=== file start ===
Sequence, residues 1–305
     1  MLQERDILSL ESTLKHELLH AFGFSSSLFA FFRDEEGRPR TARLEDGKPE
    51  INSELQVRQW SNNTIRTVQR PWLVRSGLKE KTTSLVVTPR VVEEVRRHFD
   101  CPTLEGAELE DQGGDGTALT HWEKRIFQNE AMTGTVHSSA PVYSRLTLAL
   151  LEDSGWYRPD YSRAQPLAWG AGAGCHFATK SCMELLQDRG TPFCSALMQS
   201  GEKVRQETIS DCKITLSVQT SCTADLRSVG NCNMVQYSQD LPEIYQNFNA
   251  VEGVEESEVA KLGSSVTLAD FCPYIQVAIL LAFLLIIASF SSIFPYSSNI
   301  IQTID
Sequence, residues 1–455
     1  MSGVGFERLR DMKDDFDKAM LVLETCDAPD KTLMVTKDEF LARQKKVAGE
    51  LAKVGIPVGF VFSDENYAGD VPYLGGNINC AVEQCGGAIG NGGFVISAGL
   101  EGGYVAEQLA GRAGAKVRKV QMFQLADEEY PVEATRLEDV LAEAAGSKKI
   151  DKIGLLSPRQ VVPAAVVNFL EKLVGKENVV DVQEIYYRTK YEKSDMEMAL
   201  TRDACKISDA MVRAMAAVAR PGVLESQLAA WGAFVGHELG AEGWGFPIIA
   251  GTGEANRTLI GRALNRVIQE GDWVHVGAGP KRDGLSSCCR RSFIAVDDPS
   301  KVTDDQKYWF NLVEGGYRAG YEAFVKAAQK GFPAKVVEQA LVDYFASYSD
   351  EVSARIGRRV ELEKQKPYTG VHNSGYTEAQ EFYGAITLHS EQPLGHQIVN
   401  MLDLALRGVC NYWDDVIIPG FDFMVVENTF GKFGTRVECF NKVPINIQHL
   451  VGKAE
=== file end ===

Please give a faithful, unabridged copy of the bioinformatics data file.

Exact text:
Sequence, residues 1–305
     1  MLQERDILSL ESTLKHELLH AFGFSSSLFA FFRDEEGRPR TARLEDGKPE
    51  INSELQVRQW SNNTIRTVQR PWLVRSGLKE KTTSLVVTPR VVEEVRRHFD
   101  CPTLEGAELE DQGGDGTALT HWEKRIFQNE AMTGTVHSSA PVYSRLTLAL
   151  LEDSGWYRPD YSRAQPLAWG AGAGCHFATK SCMELLQDRG TPFCSALMQS
   201  GEKVRQETIS DCKITLSVQT SCTADLRSVG NCNMVQYSQD LPEIYQNFNA
   251  VEGVEESEVA KLGSSVTLAD FCPYIQVAIL LAFLLIIASF SSIFPYSSNI
   301  IQTID
Sequence, residues 1–455
     1  MSGVGFERLR DMKDDFDKAM LVLETCDAPD KTLMVTKDEF LARQKKVAGE
    51  LAKVGIPVGF VFSDENYAGD VPYLGGNINC AVEQCGGAIG NGGFVISAGL
   101  EGGYVAEQLA GRAGAKVRKV QMFQLADEEY PVEATRLEDV LAEAAGSKKI
   151  DKIGLLSPRQ VVPAAVVNFL EKLVGKENVV DVQEIYYRTK YEKSDMEMAL
   201  TRDACKISDA MVRAMAAVAR PGVLESQLAA WGAFVGHELG AEGWGFPIIA
   251  GTGEANRTLI GRALNRVIQE GDWVHVGAGP KRDGLSSCCR RSFIAVDDPS
   301  KVTDDQKYWF NLVEGGYRAG YEAFVKAAQK GFPAKVVEQA LVDYFASYSD
   351  EVSARIGRRV ELEKQKPYTG VHNSGYTEAQ EFYGAITLHS EQPLGHQIVN
   401  MLDLALRGVC NYWDDVIIPG FDFMVVENTF GKFGTRVECF NKVPINIQHL
   451  VGKAE